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|Index||100 reviews in total|
*** This review may contain spoilers ***
Open Season (2006): Dir: Roger Allers, Jill Culton / Voices: Martin Lawrence, Ashton Kutcher, Gary Sinise, Debra Messing, Billy Connolly: Although often funny, here is an example of a film that forgets its target audience. It is the dawn of new things as Boog, a bear that performs, frees mule deer Elliott from the clutches of hunter Shaw. Simple setup leads to both animals released into the wild and dealing with hunting season, which leads to a corny retaliation. Structure works because animal personalities shine. Director Roger Allers is joined by Jill Culton and both are backed by detailed animation. Boog is voiced by Martin Lawrence as a grizzly bear with a life of his own. He lived a life of luxury in Ranger Beth's garage but once free in the wild, he is unable to fend for himself. He is voiced by Martin Lawrence, with Ashton Kutcher stealing much of the film as Elliott, the one-horned mule deer. Gary Sinise voices hunter Shaw in what amounts to a cardboard character cliché that never seems to elevate. Debra Messing as Beth is another case of lazy character placement. As an owner of Boog she had potential, but she gets reduced to an after thought. Billy Connolly voices a gray squirrel and that is amongst the several animals that appear and are better seen on Animal Planet. Theme regards friendship although certain species by nature do not collaborate regardless what season is open. Score: 6 / 10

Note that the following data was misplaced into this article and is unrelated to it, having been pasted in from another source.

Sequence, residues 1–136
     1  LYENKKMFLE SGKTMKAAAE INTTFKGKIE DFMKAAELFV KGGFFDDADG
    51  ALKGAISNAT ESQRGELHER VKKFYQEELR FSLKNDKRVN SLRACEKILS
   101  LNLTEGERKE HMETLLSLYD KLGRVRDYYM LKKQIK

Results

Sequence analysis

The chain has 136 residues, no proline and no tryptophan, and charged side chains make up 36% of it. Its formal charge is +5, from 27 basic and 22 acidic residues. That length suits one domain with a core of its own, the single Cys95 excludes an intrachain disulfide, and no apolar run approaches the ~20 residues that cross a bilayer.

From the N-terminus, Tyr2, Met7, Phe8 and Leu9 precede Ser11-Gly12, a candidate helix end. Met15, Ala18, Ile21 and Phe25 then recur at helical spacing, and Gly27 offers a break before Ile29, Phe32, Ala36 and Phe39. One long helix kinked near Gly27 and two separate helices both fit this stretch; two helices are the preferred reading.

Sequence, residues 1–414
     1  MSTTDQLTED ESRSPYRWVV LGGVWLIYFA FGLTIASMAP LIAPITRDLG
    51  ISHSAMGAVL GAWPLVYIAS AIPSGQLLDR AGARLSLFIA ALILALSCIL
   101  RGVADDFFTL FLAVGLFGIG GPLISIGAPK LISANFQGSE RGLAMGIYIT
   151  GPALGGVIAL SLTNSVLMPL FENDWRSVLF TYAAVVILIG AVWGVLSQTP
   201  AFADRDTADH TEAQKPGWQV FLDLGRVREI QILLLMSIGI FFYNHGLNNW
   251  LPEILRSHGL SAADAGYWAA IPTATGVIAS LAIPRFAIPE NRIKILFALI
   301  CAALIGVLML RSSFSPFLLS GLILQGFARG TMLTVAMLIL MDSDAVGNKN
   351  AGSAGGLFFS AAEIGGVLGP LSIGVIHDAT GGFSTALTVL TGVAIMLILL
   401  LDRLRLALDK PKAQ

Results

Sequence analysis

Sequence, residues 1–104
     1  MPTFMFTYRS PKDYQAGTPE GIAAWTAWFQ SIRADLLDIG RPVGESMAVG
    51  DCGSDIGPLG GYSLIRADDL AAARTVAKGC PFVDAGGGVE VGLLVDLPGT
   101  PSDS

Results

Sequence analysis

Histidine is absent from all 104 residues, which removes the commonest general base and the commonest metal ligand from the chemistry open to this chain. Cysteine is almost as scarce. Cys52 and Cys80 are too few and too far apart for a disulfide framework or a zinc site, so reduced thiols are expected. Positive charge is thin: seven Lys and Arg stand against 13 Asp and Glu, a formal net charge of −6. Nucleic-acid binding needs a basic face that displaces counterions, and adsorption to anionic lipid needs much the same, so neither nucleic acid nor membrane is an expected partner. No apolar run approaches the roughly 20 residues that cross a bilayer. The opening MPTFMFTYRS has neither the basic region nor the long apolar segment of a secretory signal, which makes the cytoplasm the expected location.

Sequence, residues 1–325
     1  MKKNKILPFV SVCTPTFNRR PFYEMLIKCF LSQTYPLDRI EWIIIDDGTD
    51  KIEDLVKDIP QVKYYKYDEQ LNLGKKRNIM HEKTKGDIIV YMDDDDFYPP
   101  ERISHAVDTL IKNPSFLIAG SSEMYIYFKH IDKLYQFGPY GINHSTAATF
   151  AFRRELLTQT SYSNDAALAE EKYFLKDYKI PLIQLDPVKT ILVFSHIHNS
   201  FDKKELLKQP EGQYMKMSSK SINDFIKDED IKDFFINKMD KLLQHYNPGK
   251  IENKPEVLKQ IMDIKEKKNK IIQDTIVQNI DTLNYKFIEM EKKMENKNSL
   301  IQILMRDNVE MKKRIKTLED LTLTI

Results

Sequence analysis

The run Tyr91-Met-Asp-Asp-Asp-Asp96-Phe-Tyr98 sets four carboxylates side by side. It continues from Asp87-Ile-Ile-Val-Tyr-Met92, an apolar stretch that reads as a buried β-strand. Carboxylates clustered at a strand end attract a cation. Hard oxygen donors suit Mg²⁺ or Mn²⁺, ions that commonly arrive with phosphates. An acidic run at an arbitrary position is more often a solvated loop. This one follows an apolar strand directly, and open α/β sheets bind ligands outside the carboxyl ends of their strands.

When you think about Open Season you either love it or hate it there is
no in between on it.
I first watch the movie when it came to TV and looking back on it I have to say the film just has a mix of awe and disgust
While it does offer some watchable moments most of the film just feels like it's not right to be a family movie let alone one for adults to watch.
The first complain I have is the animation I mean what have I been looking at? because it sure wasn't animation because most of the character models look unrealistic and down right ugly I mean I have seen much better animation
The voice acting is pretty good which is one of the few things I say was good about this film
Humor in this film often feels funny some had the gross comedy which really ruin the movie for me there are some funny bits but the gross comedy just destroy the film
While it feature a creative story it just don't feel like a winner
I give Open Season an 5 out of 10